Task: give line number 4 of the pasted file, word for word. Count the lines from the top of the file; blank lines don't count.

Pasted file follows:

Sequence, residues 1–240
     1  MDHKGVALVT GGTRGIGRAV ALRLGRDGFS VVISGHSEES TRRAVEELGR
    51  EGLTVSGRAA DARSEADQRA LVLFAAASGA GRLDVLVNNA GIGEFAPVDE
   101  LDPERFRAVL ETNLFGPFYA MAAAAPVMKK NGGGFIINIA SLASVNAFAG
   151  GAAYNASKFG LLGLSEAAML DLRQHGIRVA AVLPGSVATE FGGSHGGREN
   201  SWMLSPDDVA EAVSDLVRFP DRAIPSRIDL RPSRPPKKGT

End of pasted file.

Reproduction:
   101  LDPERFRAVL ETNLFGPFYA MAAAAPVMKK NGGGFIINIA SLASVNAFAG